Sunday, February 26, 2006

Some new thoughts


So it seems I've been a dormant blogger for quite awhile now. Part of it was time, traveling, feeling completely overwhelmed. But the big part of it was having nothing to say, or in a better sense, wondering why anybody would be interested in anything I have to say. And another part of it was not really having a direction or purpose for my blog. Well, it can't just be about my life, 'cause even though the dogs are always amused by me, to mere humans my life is pretty boring. Wake up, eat breakfast, grade, teach, eat lunch, teach, grade, eat dinner, grade, watch the Daily Show with Jon Stewart, sleep. If I were to have a blog about my life, I would win the most boring blogger award!

So this blog has to be about everybody else, just as Mr. Buddha would have suggested. The new focus is to put the events of the day (mine, yours, or anybody else's) into a Buddhathought that people might find interesting (at least my friends will find interesting; my concerned students will ask me if I've found Jesus yet). And just in case nobody finds my Buddhathoughts interesting, I'll supply a picture of the dogs, since they are instant smile-makers.

So here's my Buddhathought today:
So many political blogs seem to be mad at someone. I know I've had to deal with my own anger issues when it comes to the state of things.

Thursday, October 06, 2005

Am I having fun yet?

When I was young, my dad would come home from work each day and exclaim "Everybody wants a piece of me!" That's how I've been feeling lately. This blog thing has been a strange thing for me to cope with. I can't believe that people are interested in my little musings, yet people have been asking me when my next entry is coming. Okay, for the next few weeks, I'm going to try to write regularly. It would seem that somebody out there cares...

The past few weeks have been full of ups and downs, as our lives always are. High points have been the naming ceremony for Aaron and Priya's baby, which was really wonderful. Her uncle came to town, and did a whole Hindu thing, with red dots and blessings and stuff.

Also, my birthday was celebrated on Tuesday. I took Scruffy and Ginny to Fairfield for hiking and Indian food. That may explain Scruffy's gas problems! In the evening, a lot of people surprised me at Spazio and they bought a giant cake. What did I do to deserve such friends?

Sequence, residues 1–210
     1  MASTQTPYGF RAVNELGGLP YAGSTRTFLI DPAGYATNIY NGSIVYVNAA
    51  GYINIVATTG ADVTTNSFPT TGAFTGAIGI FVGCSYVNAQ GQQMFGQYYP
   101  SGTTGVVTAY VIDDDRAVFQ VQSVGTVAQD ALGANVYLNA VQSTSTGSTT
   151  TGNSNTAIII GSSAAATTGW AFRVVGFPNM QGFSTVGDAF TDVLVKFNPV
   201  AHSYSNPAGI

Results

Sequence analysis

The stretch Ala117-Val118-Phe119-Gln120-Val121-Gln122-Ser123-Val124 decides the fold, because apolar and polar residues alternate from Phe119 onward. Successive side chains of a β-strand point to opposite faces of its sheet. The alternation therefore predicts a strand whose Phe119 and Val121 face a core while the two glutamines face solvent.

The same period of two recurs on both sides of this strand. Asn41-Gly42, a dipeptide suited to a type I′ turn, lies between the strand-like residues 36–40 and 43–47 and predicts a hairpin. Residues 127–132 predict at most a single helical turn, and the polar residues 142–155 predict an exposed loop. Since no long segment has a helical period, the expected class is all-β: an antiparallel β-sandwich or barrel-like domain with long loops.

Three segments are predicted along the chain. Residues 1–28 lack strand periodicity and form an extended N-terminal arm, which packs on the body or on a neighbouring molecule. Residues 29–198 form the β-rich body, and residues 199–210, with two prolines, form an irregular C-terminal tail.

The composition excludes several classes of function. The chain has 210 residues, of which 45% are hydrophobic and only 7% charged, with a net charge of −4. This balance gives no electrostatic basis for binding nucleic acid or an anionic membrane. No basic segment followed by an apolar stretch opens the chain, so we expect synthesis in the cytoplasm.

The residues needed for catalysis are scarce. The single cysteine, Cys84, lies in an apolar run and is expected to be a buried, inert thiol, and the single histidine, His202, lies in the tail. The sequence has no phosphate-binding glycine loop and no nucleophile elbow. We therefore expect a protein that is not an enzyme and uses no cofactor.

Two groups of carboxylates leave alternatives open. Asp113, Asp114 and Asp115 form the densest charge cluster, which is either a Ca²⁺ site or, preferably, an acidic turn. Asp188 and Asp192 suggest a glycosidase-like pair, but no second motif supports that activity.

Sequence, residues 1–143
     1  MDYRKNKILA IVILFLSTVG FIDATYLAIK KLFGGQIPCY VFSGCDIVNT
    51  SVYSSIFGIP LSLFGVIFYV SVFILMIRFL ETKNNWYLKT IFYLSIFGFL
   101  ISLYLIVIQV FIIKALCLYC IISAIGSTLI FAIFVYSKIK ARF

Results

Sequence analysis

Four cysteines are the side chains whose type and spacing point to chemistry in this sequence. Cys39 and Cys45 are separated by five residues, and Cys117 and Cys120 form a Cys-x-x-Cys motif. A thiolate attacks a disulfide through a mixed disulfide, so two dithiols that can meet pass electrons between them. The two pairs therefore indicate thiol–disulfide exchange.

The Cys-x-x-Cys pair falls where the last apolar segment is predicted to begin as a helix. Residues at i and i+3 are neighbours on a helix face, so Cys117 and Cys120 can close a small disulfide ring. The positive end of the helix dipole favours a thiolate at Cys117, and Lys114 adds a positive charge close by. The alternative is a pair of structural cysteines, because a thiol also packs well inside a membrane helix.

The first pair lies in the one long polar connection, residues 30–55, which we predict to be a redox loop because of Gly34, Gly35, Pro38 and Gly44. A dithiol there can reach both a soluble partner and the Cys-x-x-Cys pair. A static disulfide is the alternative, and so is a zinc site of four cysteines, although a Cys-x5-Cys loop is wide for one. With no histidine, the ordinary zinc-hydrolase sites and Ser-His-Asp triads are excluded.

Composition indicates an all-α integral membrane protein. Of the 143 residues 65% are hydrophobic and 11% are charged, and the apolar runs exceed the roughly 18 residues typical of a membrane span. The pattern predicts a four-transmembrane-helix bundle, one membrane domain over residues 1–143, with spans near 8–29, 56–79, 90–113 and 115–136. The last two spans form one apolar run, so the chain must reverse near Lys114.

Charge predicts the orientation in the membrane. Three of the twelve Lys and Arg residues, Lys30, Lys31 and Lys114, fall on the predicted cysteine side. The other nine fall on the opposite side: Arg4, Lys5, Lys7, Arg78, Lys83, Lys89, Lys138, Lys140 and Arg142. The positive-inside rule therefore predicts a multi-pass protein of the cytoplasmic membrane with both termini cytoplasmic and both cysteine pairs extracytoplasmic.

Of course, I followed the big anti-war protest in Washington last week. I wanted to go, like I went to NYC last year. But I really don't think yelling and marching are going to have much of an effect. In fact, I bet that fewer than half of my students even knew that it took place. They are all stressed out about keeping up their GPAs. Note to students: Life is too short, and learning is too much fun to be so stressed! For those of you who missed it, I've enclosed some pics, stolen from the United for Peace and Justice web cite. Okay, my students and everyone else should check out http://www.unitedforpeace.org/

Another high point was the article in the Index about our Dharma group that came out today. It is a nice article, although I don't like the picture of myself! I guess it forces me to contemplate Impermanence (where did my hair go!).

So I'll conclude with a little mini-Sutta from the Buddha. It's taken from Sharon Salzberg's web-course on the Brahma Viharas; an excellent course from one of my favorite teachers:

"Here, monks, a disciple dwells pervading one direction with his heart filled with loving-kindness, likewise the second, the third, and the fourth directions; so above, below and around; he dwells pervading the entire world everywhere and equally with his heart filled with loving-kindness, abundant, grown great, measureless, free from enmity, and free from distress."

See, I'm really trying to pervade the entire world with Lovingkindness, not just the people who don't piss me off. When you can open up to all, and understand that everyone in the world is afraid just like you, the possibilities are endless. Marc

Sunday, September 11, 2005